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Friday, July 11, 2008

Climate Change Changing More Than the Climate: Species Extinction

Ann-Marie Luciano

There are a myriad of predictions as to how climate change will affect our lives in the future, from drought to rising ocean levels. In my opinion, one of the most menacing threats is extinction. Scientists predict that rising temperatures and the resulting affects on weather and ocean current patterns could result in massive extinction of animals and plants.

The Intergovernmental Panel on Climate Change predicts that 30% of all of the world's species will face extinction by 2050 if global warming continues at the current rate. At the recent WallaceStegner Symposium on Alternative Energy, Stanford University biologist Terry Root reported that we are witnessing the 6th mass extinction in Earth's history. He stated that the extinction rate due to greenhouse gases already in the atmosphere will be about 20-30% of species and has already started.

The fact that some species are already being pushed to extinction is of great concern to scientists. Birds, the "canaries in the coal mine" of environmental health, are already suffering significant declines in population. Penguins have been particularly hit hard. According to University of Washington biology professor Dee Boersma, the population of the world's largest breeding colony of Magellanic penguins in Argentina peaked at about 400,000 pairs between the late 1960s and early 1980s and now is just half of that total.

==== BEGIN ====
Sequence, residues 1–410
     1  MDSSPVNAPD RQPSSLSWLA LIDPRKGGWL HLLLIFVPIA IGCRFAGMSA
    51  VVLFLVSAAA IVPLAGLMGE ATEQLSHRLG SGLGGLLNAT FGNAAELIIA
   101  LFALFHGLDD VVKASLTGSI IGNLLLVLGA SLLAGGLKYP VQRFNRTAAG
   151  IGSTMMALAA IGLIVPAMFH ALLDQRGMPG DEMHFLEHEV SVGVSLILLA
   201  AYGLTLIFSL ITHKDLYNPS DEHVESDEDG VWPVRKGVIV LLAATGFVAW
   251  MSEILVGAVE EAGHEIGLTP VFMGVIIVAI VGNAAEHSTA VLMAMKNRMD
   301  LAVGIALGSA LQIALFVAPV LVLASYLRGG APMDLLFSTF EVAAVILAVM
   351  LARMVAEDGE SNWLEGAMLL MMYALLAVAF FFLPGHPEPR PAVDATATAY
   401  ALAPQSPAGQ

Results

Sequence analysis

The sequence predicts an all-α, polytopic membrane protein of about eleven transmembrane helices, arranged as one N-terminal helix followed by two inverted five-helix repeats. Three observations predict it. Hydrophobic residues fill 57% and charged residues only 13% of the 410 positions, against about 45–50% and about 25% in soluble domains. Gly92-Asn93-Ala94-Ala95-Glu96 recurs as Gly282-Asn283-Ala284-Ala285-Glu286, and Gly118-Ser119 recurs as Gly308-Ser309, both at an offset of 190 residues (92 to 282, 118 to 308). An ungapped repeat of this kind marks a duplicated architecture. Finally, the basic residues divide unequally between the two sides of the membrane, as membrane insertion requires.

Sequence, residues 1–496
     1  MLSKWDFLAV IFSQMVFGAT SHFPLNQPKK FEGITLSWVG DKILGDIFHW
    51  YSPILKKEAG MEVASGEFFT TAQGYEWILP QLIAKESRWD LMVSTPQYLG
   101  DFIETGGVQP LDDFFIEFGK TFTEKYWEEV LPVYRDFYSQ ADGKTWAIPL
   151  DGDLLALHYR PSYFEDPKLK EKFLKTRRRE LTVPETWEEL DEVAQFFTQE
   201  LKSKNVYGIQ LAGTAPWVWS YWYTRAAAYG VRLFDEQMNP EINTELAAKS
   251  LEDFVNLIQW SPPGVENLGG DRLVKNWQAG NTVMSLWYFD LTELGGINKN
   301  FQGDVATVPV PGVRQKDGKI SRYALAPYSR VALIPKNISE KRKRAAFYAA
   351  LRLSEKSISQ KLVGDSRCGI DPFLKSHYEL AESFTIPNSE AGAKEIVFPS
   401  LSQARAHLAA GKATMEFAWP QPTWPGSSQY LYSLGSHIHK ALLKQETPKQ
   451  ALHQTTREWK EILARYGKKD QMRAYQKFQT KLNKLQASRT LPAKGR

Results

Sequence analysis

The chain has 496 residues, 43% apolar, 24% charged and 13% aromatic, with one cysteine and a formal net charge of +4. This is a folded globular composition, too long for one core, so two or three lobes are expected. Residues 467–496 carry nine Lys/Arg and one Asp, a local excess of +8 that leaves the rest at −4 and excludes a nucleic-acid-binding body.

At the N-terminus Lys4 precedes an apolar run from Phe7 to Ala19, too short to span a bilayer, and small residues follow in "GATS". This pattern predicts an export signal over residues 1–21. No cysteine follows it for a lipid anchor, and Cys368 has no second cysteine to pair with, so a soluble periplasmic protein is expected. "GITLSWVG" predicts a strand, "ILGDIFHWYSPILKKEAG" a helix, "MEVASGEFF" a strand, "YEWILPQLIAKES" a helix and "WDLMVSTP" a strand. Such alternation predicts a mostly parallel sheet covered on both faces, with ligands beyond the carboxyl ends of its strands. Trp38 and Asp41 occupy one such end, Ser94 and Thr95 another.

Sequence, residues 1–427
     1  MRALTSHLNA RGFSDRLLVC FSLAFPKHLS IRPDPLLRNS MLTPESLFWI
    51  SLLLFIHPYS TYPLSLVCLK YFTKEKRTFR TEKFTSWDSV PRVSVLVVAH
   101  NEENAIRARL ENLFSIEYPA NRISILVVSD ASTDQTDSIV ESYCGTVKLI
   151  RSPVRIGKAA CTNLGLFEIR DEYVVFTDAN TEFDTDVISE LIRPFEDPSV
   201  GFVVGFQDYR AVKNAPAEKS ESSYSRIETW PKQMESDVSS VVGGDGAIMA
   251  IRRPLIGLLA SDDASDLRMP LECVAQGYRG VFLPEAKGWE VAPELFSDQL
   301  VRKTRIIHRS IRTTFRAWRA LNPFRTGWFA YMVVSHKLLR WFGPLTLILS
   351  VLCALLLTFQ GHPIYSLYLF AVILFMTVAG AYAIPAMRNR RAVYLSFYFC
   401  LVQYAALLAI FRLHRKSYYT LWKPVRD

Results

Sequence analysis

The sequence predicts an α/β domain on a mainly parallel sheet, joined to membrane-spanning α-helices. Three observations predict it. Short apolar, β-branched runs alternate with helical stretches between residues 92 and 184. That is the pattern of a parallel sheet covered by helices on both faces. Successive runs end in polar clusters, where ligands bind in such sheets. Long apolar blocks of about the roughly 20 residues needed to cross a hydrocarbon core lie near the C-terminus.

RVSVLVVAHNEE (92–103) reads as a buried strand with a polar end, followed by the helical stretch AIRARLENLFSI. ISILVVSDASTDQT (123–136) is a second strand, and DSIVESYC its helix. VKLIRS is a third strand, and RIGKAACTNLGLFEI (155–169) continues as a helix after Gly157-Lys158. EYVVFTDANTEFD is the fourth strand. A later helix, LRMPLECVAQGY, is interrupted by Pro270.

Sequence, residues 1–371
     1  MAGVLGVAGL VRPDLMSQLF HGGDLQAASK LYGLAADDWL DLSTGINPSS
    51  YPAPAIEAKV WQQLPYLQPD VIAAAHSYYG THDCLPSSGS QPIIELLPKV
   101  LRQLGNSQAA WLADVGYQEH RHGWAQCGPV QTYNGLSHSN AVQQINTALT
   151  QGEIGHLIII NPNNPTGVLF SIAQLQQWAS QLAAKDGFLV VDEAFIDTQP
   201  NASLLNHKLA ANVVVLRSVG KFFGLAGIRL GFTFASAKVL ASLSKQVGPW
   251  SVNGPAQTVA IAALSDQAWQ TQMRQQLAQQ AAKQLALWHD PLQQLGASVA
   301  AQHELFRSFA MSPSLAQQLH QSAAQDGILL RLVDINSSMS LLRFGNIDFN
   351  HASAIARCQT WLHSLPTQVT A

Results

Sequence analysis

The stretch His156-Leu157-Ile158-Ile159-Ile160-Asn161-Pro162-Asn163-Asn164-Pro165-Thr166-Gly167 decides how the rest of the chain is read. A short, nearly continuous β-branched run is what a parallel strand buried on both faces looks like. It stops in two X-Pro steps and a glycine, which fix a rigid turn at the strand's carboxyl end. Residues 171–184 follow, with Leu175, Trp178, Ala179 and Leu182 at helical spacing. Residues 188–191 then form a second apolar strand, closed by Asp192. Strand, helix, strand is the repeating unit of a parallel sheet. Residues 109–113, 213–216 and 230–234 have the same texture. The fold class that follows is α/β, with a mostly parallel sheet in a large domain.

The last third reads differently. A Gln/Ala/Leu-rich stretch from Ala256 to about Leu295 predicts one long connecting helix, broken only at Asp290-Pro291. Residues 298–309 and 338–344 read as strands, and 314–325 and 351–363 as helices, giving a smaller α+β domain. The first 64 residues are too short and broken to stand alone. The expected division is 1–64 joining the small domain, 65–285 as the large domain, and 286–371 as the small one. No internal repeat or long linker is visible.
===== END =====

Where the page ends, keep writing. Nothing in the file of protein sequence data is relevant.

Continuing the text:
Although extinction is a natural part of the evolutionary process, for many species climate change has accelerated this process hundreds of years before its time. But this doesn't necessarily mean that it is all doom and gloom, as some plants and animals are highly adaptive to a changing environment. A recent study conducted by Syracuse University and the University of Sheffield (United Kingdom) published online in the July 7 issue of the Early Edition of the Proceedings of the National Academy of Sciences found that many plant species can adapt to long-term changes in temperature and rainfall. As explained by the study co-author, "our study suggests that if the changes in climate occur slowly enough, some plants have the ability to respond, adapt and thrive in their existing location."

I'd prefer not to bank our future on the hope of species adaption, however. When there are estimates that a quarter of all medicine is sourced from the Peruvian Amazon, and when our food supply is based on being able to grow crops and raise animals, my hope is that our leaders will act on this information and make a concerted effort to significantly reduce carbon emissions. There isn't much time left to reverse the damage that has been done and as the world population increases the difficulty of this task increases. In an election year we all have the perfect opportunity to raise these issues with the candidates and insist on action rather than talk.

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